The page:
Money Follows Value

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I recently read a blog post by Chris Miles in which he said, “Dollars follows value.” I think he said something similar when he was interviewed on the WAHS Podcast. Statements like this often go ignored or at the very least, people don’t stop to evaluate what it means. But it’s an extremely powerful statement and the key to making money.

It doesn’t matter what your work-at-home goal is, if you don’t provide value, you won’t make money. An employer won’t hire you if you don’t make him see how you will contribute to his business. People won’t hire you or buy your wares if they don’t believe it will benefit them. That’s why in my marketing articles and nearly every podcast, I harp on the importance of talking about your skills or products in terms of benefits to the buyer. (Benefits = value).

I’ve started reading, Lean In: Women, Work, and the Will to Lead by Sheryl Sandburg. In it, she recounts how when she was hired as COO of Facebook, she started getting calls from people in her network wanting to come to work for Facebook. But one woman stood out because instead of calling and giving a list of her talents, skills and experience, she asked Sandburg what she needed. Finding out what people need and becoming the solution is the key to making money.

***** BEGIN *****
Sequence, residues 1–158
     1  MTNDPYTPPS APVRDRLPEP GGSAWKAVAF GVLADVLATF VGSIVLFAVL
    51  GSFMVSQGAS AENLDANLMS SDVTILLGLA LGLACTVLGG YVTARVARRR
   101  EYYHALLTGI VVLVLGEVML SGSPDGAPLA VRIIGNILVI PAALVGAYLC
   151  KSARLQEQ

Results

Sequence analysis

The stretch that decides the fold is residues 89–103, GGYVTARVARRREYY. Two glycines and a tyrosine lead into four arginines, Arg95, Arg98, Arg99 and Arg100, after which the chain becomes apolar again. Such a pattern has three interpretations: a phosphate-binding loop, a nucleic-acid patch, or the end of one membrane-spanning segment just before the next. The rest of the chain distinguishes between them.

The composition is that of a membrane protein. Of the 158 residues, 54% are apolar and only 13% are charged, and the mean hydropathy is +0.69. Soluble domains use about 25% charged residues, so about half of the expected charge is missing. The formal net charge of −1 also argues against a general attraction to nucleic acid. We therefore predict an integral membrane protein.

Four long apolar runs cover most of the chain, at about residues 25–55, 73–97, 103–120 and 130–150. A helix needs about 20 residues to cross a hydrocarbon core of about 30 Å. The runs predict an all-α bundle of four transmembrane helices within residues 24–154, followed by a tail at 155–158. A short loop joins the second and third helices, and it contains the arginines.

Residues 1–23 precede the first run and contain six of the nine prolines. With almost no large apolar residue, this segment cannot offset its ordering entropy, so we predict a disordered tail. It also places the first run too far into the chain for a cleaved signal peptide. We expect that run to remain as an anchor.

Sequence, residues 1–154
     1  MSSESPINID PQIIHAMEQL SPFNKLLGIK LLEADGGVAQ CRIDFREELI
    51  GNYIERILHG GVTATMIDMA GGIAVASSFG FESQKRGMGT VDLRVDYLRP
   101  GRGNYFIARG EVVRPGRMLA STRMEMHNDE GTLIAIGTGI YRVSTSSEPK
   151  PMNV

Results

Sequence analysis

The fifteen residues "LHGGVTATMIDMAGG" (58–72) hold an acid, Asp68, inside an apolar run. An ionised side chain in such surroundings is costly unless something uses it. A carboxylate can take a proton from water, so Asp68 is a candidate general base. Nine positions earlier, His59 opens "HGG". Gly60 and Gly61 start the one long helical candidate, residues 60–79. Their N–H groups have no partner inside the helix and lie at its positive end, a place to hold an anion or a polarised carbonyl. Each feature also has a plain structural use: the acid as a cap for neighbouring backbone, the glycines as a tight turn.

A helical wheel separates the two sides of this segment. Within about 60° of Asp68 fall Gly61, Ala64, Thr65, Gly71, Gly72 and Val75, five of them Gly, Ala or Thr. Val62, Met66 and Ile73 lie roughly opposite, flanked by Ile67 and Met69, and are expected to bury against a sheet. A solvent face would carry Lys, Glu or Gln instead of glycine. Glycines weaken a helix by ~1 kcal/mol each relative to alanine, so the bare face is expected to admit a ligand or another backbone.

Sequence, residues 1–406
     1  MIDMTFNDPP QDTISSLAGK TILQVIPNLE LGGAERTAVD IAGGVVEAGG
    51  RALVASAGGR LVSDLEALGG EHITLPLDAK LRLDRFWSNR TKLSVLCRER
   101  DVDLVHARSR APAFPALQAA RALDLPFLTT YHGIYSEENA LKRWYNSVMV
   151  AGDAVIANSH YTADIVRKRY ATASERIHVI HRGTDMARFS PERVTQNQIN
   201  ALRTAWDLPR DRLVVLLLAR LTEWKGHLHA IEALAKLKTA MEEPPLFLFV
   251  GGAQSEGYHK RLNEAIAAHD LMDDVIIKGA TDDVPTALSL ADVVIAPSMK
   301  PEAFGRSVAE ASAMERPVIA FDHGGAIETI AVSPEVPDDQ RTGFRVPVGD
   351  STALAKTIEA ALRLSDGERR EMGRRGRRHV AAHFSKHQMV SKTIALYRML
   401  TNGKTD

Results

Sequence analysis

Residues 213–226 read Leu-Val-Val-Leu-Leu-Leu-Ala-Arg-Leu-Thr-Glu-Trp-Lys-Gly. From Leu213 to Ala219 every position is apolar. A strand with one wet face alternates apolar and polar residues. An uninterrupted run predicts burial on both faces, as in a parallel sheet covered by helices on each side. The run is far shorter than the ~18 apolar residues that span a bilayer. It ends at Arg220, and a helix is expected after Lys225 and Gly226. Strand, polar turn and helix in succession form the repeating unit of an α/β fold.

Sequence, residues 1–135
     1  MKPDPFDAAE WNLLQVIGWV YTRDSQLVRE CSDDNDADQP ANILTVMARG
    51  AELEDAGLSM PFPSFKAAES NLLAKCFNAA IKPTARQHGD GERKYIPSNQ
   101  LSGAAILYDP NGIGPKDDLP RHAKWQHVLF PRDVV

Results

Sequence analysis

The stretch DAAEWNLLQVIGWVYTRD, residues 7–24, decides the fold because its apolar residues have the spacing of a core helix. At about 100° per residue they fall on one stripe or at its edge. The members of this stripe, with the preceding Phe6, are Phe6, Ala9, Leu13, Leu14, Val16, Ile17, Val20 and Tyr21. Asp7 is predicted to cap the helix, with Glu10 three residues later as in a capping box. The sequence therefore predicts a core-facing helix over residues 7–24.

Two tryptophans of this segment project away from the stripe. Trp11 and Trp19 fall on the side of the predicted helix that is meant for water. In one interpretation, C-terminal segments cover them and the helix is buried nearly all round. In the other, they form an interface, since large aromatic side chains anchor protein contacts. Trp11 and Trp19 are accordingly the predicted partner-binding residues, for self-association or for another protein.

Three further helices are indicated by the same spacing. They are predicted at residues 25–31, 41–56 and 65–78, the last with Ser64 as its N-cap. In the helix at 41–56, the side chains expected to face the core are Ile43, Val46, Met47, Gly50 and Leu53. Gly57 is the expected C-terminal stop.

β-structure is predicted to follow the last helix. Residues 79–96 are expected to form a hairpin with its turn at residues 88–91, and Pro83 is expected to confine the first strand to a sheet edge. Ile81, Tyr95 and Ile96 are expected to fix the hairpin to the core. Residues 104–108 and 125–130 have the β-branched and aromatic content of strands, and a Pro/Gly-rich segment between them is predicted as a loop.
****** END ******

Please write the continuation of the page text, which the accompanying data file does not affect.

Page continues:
So how do you deliver value to make money?

1) Ask or find out what is needed. Read the job announcement carefully for clues to what the employer needs. Ask potential clients what’s not working or where they need help. Value is determined by the buyer, so you need to know what the buyer needs before you can deliver.

2) Frame your talents, skills, experiences etc to fit the needs of the buyer. Tons of people want to work at home, but all for different reasons. When I’m talking with a mom, I frame my products/services to meet her needs, such as flexibility and time for kids. But if I’m talking with a retired person wanting a little extra to sustain their lifestyle or a disabled person wanting to be productive, I reframe my products/services to meet their needs.

3) Define your products/services/skills in terms of benefits. What does being able to type 80 words a minute mean for an employer or someone needing a transcriptionist? It means speed. It means more value for their investment. Don’t assume buyers can make the leap from your features to how they can benefit him. Be obvious. In my work-at-home job books and courses, I include a list of hundreds of job resources, but I don’t just tell them about this list (feature). I tell them how the list will help them (benefit) by being able to start applying to jobs right away.

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